Bias and the Learning Environment: Making the Invisible Visible

By Fiona Jewell.

Published by The International Journal of Diversity in Education

Format Price
Article: Print $US10.00
Published online: March 14, 2014 $US5.00

This paper investigates the presence and effects of conscious and unconscious bias in diverse learning environments drawing upon current initiatives across various industry sectors within Australia. Unconscious bias influences the way people perceive gender, ethnicity, religion, youth, age, disability, sexuality, cultural diversity, social class, demeanour, height/ weight and general appearance. (projectimplicit.com) Educational institutions as an environment for establishing self and group identities have a profound impact on the valuing of diversity. ‘Educational systems have been profoundly troubled by complexity, diversity, and difference’ (Luke, et al., 2010, p ix) and from this difference and notions of ‘otherness’ (Matthews and Sidhu 2005, Bhabha, 1990) subliminal delineations and bias are formed between individuals and groups. In 1988, Delpit asserted, “Liberal educators believe themselves to be operating with good intentions, but these good intentions are only conscious delusions about their unconscious motives.”(Delpit, 1988) Most people have the unspoken belief that ‘good people do not discriminate’ (Dovidio and Gaertner 2005 p. 2). This belief confuses intent with outcome. An application of multi-industry experience and analysis of research on unconscious bias indicates the opposite: good people do discriminate.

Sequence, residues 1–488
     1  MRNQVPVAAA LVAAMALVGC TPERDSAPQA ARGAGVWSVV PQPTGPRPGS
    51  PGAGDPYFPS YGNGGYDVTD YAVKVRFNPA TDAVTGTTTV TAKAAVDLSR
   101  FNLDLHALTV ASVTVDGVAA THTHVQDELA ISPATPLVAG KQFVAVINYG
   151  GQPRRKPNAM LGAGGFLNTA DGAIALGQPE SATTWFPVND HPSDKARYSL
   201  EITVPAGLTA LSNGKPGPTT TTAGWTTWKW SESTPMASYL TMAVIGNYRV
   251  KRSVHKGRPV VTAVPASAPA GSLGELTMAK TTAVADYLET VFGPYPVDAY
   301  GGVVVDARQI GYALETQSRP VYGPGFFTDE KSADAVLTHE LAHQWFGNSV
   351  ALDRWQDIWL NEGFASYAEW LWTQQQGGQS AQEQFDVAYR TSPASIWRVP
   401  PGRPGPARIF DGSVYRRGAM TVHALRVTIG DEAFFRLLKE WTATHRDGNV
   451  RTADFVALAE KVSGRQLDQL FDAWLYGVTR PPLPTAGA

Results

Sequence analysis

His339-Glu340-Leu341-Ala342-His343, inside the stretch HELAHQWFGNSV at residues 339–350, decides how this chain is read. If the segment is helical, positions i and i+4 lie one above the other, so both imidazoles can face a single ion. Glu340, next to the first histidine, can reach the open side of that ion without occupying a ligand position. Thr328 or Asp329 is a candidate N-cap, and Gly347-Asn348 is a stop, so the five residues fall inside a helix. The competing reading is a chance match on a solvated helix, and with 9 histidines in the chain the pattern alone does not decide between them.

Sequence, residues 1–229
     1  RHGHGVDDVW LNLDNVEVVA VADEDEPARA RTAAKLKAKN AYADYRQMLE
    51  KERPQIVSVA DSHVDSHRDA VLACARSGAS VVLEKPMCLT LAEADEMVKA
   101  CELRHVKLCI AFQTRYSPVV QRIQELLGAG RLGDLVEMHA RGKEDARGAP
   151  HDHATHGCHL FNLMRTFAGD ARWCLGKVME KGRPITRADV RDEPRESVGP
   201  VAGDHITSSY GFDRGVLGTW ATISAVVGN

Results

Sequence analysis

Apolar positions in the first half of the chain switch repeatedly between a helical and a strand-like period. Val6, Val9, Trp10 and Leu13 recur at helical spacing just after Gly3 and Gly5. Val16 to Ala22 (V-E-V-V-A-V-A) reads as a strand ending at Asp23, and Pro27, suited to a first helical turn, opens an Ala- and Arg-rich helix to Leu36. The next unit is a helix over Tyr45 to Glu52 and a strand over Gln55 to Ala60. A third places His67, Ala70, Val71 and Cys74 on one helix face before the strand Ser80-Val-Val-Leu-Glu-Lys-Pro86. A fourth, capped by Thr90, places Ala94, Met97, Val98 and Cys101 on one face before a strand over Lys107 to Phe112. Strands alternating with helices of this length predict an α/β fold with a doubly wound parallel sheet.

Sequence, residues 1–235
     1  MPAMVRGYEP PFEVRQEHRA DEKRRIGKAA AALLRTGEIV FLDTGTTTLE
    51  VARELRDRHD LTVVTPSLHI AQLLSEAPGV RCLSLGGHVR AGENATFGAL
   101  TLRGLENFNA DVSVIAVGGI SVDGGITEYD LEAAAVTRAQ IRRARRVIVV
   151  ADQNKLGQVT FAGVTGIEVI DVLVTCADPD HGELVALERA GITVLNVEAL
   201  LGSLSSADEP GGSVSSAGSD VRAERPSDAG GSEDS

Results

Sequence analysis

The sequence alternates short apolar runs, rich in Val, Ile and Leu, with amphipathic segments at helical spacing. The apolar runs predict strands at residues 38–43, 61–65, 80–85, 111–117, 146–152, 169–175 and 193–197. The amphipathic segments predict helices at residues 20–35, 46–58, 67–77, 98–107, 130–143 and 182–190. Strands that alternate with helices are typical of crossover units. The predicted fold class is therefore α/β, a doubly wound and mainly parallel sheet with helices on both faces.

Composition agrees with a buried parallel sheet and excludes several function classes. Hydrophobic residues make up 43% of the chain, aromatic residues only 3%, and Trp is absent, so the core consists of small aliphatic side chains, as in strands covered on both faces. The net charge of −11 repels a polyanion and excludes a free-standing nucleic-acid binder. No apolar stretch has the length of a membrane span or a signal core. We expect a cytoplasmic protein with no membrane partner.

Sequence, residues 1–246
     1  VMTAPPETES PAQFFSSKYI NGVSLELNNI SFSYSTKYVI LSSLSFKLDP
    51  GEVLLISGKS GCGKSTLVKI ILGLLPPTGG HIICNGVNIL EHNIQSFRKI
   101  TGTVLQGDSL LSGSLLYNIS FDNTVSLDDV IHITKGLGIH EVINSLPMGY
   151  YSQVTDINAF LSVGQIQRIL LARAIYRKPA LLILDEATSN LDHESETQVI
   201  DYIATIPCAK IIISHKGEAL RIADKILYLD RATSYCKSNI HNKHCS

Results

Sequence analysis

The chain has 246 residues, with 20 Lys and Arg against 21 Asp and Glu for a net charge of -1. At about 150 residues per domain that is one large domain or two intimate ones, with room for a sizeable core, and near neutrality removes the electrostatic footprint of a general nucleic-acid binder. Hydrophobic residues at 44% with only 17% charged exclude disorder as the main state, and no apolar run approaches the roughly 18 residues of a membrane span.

Keywords: Unconscious bias, Diversity, Cultural Competence, Professional Development

The International Journal of Diversity in Education, Volume 13, Issue 2, March 2014, pp.91-104. Article: Print (Spiral Bound). Published online: March 14, 2014 (Article: Electronic (PDF File; 197.465KB)).

Fiona Jewell

Director, Diversity by Design Pty Ltd, Melbourne, Victoria, Australia

Fiona Jewell is an instructional designer, facilitator and guest speaker for diversity initiatives in international educational, manufacturing, chemicals and mining, construction organisations, multicultural service providers, government and local council. While senior consultant at Diversity@Work she delivered programs to professionals in Australia, North and South America, Europe and Asia. Her educational expertise includes adult, tertiary, secondary, Indigenous culture and language/cultural studies. She also provides individual corporate coaching in work place diversity management to provide more effective management of diverse teams.